The second thing I want to say, basically, is about the article that Representative Farrar was talking about, the JAMA article from 2005, that says that basically neonates cannot feel pain up until about 29 weeks gestation. I think they state that as a very factual thing. Unfortunately, that is a very poorly written article. We have in medicine what we call not peer review, but journal club. And what we do in journal club is we look at articles that have been published, and we look at it very critically in view of what is that article saying, what is it not saying, and what are other articles that have previously existed before it, or around it; what have they said about the same thing. And as one looks at this article, you’ll find that there is actually a conflict of interest. One of the significant authors is a director of an abortion clinic in San Francisco. That should have been disclosed when that article was published; it was not. Technically it was not a conflict of interest, because this article deals with fetal pain, and abortion clinics don’t necessarily deal with that… but they really do, in some ways.
The second interesting thing about this article is that they come up with a statement that fetuses, or infants really cannot feel pain up until 28-29 weeks. I daresay that is not medical practice, even back in 2005. I think you would be hard pressed to find a neonatologist or a pediatric anesthesiologist that would not have given analgesia, or some type of sedative or pain reducing thing to any infant that is at 27, 28, 29 weeks, which is not unusual to be alive and requiring surgery. I think it would be malpractice for them not to do that, even in 2005.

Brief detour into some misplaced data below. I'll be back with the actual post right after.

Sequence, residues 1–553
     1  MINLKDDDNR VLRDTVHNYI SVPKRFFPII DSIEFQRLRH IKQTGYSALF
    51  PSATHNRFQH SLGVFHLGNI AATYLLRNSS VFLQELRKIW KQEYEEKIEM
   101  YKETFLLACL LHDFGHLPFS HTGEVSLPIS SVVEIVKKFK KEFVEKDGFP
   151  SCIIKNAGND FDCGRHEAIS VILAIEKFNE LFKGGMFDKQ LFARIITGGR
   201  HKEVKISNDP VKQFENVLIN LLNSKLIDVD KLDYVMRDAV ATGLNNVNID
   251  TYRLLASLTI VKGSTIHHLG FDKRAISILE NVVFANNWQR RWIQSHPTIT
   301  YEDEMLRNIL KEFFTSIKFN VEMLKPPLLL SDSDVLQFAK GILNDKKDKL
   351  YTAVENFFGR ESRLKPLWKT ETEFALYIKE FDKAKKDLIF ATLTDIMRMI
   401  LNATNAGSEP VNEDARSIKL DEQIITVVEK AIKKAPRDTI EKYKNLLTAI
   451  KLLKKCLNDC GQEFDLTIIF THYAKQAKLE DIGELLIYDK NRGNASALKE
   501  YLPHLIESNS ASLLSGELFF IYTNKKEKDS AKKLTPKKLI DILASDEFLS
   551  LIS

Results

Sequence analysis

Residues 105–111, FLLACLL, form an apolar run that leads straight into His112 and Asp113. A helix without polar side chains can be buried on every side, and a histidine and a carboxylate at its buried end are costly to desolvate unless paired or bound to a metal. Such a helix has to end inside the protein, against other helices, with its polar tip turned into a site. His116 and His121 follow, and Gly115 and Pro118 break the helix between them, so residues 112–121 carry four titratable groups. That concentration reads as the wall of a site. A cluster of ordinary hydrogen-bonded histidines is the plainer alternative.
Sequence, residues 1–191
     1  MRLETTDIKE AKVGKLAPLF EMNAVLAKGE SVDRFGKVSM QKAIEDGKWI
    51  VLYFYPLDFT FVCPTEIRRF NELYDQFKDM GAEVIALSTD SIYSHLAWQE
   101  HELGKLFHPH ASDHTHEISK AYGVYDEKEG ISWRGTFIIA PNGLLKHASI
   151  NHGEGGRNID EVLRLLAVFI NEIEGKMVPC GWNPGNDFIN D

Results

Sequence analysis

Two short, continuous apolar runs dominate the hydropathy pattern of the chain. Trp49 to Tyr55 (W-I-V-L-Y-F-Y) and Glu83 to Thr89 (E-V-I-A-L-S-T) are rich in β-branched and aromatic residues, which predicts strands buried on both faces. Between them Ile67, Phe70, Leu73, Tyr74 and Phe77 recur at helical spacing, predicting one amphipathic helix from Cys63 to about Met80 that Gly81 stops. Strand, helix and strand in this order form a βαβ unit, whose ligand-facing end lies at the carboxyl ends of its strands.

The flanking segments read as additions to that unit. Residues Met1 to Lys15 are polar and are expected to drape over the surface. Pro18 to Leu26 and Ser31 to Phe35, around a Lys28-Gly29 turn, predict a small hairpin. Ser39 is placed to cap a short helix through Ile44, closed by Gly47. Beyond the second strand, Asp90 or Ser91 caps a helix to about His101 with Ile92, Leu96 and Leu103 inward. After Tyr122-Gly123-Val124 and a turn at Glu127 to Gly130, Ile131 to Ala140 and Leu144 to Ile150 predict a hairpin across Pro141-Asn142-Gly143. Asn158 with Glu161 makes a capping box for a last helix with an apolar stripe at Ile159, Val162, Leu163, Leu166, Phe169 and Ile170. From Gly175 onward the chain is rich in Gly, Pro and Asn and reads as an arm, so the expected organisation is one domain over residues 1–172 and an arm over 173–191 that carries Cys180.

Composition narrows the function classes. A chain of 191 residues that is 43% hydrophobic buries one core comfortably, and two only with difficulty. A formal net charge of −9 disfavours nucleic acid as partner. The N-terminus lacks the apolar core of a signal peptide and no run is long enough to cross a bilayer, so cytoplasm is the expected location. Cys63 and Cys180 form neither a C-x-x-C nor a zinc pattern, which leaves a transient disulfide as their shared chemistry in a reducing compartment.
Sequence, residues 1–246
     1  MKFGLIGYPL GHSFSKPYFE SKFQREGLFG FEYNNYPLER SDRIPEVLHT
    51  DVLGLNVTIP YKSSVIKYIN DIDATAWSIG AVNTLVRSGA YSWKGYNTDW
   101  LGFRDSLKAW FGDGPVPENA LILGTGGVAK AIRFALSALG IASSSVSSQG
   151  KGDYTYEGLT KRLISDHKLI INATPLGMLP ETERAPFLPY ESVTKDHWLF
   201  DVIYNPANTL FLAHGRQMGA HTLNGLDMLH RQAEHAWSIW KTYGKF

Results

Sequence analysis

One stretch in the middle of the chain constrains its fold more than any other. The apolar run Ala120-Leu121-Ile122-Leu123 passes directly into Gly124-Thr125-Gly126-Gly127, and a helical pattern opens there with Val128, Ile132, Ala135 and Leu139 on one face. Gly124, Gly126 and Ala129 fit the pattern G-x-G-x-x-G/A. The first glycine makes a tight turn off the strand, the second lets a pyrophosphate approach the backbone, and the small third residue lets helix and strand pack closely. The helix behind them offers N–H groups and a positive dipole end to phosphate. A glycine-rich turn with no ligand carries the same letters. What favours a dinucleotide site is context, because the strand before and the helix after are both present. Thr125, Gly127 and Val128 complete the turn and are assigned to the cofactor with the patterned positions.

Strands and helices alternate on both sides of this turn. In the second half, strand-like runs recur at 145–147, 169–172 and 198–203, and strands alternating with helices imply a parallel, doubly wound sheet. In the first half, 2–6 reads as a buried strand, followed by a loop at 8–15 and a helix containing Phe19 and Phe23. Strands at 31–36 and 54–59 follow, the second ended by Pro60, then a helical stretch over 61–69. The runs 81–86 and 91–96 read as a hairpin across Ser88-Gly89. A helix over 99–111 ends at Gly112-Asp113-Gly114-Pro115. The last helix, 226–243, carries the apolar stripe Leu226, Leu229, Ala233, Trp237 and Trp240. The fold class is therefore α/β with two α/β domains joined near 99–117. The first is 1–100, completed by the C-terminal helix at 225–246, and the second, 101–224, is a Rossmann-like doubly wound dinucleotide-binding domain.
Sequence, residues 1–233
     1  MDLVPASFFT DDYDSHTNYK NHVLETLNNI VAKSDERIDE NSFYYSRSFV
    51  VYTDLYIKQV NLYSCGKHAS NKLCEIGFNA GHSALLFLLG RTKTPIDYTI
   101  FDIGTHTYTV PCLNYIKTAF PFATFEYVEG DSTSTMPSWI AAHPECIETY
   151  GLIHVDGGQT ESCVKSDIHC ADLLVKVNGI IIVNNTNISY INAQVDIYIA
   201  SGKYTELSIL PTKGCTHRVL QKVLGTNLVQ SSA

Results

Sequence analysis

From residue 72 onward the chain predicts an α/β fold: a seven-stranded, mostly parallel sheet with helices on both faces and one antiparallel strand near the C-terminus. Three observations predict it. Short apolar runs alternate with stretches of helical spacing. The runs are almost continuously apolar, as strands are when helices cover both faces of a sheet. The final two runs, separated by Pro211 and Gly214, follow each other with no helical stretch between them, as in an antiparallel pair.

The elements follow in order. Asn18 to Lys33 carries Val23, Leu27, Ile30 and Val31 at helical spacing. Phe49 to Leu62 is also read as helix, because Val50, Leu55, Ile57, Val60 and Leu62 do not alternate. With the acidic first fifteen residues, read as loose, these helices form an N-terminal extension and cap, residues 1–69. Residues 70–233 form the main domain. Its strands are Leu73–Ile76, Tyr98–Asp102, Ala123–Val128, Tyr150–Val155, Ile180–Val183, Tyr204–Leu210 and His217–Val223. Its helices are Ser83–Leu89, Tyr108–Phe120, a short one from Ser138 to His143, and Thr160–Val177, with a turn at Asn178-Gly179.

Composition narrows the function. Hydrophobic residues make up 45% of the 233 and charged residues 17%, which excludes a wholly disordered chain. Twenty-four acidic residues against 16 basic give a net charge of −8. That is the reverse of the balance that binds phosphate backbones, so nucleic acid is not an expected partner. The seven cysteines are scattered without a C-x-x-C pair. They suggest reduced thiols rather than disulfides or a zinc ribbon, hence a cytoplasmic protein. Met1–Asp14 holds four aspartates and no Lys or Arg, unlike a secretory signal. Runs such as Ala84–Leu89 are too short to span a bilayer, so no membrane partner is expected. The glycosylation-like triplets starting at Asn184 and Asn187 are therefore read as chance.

The third point is that we need to learn from out past. Our failure to learn from our past causes us to repeat the same mistakes. When I began my training in 1980, and I am an old man… I have been doing pediatric critical care, anesthesia and pediatrics for a very long time. We were told as interns that neonates did not feel pain. We would routinely have infants that were 26-27 weeks gestation, and would try very hard to resuscitate and keep them alive. And at times we were successful at 26 weeks. Most at 30, 32 we were very successful. We were told that these little critters did not feel pain, and so when we were doing chest tubes, other procedures that required incisions, things like that, we would not routinely anesthetize them. In 1986-87, Anand came out with a landmark article saying basically they do feel pain. And you know what? He was right, we were wrong. We were told for all these years that they do not feel pain, that their crying, their heart rates and increased blood pressure, their intracranial bleeds and things like that were because of other reasons. In reality, as we looked back, we were causing them pain. All because we were told the children were not capable of feeling pain at this age. They were wrong. All I have to say is that as we look back, we would be vey stupid, basically, to repeat our mistakes of the past. Fetuses do feel pain. You see that on ultrasound as people do procedures. If it quacks like a duck, sounds like a duck, walks like a duck, you know, it’s a duck.”